Provided by: inn_1.7.2q-44.1ubuntu2_i386 bug


       history - record of current and recently expired Usenet articles


       The file /var/lib/news/history keeps a record of all articles currently
       stored in the news system, as well as those that have been received but
       since  expired.  In a typical production environment, this file will be
       many megabytes.

       The file consists of text lines.  Each line corresponds to one article.
       The  file  is  normally  kept sorted in the order in which articles are
       received, although this is not a requirement.  Innd(8)  appends  a  new
       line  each time it files an article, and expire(8) builds a new version
       of the file by removing old articles and purging old entries.

       Each line consists of two or three fields separated  by  a  tab,  shown
       below as \t:
              <Message-ID>   \t   date
              <Message-ID>   \t   date   \t   files

       The  Message-ID  field is the value of the article's Message-ID header,
       including the angle brackets.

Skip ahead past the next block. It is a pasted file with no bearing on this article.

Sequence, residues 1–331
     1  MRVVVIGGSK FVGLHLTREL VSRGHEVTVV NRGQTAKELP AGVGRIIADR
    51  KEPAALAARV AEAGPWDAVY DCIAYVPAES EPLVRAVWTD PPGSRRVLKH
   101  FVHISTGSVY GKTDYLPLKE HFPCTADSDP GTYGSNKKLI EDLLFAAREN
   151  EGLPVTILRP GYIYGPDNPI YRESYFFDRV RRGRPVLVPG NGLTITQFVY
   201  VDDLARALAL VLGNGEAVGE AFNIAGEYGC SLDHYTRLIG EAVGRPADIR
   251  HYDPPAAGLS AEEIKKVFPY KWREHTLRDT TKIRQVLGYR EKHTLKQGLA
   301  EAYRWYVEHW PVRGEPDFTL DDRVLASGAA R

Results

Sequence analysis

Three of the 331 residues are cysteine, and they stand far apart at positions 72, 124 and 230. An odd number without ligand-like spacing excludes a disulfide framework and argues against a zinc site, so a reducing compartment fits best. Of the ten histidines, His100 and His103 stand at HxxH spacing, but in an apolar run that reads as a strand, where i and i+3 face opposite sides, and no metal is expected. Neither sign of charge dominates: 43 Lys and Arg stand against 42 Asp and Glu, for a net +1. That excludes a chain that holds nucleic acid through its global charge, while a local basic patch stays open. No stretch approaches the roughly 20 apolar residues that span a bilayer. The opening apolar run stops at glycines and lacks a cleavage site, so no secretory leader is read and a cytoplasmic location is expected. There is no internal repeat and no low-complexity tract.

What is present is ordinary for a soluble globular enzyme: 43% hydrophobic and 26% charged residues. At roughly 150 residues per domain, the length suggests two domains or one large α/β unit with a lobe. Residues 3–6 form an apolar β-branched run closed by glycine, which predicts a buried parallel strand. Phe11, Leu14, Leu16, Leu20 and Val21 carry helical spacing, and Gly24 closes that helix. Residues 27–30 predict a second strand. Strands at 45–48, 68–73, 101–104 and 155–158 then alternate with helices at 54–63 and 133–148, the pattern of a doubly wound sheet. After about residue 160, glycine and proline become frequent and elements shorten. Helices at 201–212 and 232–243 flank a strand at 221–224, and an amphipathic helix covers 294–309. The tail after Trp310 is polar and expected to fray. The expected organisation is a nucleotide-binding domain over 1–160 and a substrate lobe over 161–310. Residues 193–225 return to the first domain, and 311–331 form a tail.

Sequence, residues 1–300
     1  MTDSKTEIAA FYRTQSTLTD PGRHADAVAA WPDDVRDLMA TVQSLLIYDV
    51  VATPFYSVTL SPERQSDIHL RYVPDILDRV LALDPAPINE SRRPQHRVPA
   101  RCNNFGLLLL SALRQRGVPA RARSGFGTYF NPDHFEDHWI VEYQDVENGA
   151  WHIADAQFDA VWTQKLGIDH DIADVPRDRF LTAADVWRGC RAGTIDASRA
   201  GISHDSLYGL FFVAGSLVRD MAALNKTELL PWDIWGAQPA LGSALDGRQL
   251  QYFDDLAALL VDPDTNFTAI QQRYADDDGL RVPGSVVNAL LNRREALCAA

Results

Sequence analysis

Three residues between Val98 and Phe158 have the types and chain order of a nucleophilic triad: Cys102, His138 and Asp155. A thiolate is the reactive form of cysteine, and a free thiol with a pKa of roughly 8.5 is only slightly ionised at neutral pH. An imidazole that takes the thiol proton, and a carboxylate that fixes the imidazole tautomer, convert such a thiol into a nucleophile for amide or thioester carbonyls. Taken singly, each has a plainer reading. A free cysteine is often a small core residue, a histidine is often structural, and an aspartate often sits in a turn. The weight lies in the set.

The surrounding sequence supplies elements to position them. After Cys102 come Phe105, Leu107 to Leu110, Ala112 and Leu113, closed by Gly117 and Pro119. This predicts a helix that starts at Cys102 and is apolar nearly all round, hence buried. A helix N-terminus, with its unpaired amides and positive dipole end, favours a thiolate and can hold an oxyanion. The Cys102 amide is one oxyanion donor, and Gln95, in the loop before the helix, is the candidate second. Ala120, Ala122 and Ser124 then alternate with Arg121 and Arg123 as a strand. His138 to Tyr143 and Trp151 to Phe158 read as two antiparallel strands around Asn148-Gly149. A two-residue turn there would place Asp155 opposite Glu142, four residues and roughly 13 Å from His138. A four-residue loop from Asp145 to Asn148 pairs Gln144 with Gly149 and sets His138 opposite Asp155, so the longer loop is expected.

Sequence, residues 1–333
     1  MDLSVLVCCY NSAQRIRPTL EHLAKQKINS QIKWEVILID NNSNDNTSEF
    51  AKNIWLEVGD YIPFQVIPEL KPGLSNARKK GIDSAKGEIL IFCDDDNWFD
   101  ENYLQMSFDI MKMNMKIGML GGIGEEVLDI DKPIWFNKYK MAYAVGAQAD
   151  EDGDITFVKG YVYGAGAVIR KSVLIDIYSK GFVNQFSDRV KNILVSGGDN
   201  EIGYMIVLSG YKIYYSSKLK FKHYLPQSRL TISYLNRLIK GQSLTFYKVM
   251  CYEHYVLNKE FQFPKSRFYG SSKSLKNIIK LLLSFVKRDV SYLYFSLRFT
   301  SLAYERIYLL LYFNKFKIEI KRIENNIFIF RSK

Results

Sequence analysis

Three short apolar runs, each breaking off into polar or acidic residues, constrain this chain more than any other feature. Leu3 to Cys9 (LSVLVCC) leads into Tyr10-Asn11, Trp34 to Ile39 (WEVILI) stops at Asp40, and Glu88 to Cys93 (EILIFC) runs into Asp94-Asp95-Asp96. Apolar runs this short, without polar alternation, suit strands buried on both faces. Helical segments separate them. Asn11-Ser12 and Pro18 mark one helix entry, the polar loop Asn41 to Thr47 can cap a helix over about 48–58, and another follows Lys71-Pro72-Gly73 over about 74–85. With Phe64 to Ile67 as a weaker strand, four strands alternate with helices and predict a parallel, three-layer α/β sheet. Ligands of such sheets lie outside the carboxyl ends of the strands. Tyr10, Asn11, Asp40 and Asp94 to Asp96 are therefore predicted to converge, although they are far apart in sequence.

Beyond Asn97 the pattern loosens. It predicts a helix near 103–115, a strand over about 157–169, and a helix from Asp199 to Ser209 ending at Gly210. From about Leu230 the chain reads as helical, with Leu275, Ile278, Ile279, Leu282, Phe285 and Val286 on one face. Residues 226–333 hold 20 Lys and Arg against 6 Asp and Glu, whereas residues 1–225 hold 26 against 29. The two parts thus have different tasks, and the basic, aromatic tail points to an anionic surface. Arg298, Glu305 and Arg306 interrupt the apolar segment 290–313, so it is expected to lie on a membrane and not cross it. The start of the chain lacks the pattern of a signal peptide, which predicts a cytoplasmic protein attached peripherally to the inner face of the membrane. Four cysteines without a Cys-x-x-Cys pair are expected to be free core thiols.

The date field consists of three sub-fields separated by a tilde.   All
       sub-fields  are  the text representation of the number of seconds since
       the epoch — i.e., a time_t; see gettimeofday(2).  The  first  sub-field
       is  the  article's  arrival  date.   If copies of the article are still
       present then the second sub-field is either the value of the  article's
       Expires header, or a hyphen if no expiration date was specified.  If an
       article has been expired then the second sub-field will  be  a  hyphen.
       The  third  sub-field  is  the  value  of  the  article's  Date header,
       recording when the article was posted.

       The files field is a set of entries separated by one  or  more  spaces.
       Each  entry  consists  of  the  name of the newsgroup, a slash, and the
       article number.  This field is empty if the article has been expired.

       For  example,  an  article  cross-posted   to   comp.sources.unix   and
       comp.sources.d that was posted on February 10, 1991 (and received three
       minutes later), with an expiration date of May 5, 1991,  could  have  a
       history line (broken into two lines for display) like the following:
              <>  \t  666162000~673329600~666162180  \t
                  comp.sources.unix/1104 comp.sources.d/7056

       In  addition  to  the text file, there is a dbz(3z) database associated
       with the file that uses the Message-ID field as a key to determine  the
       offset  in  the  text  file  where  the  associated  line  begins.  For
       historical reasons, the key includes the trailing \0 byte (which is not
       stored in the text file).


       Written  by  Rich  $alz <> for InterNetNews.  This is
       revision 1.12, dated 1996/09/06.


       dbz(3z), expire(8), innd(8), news-recovery(8).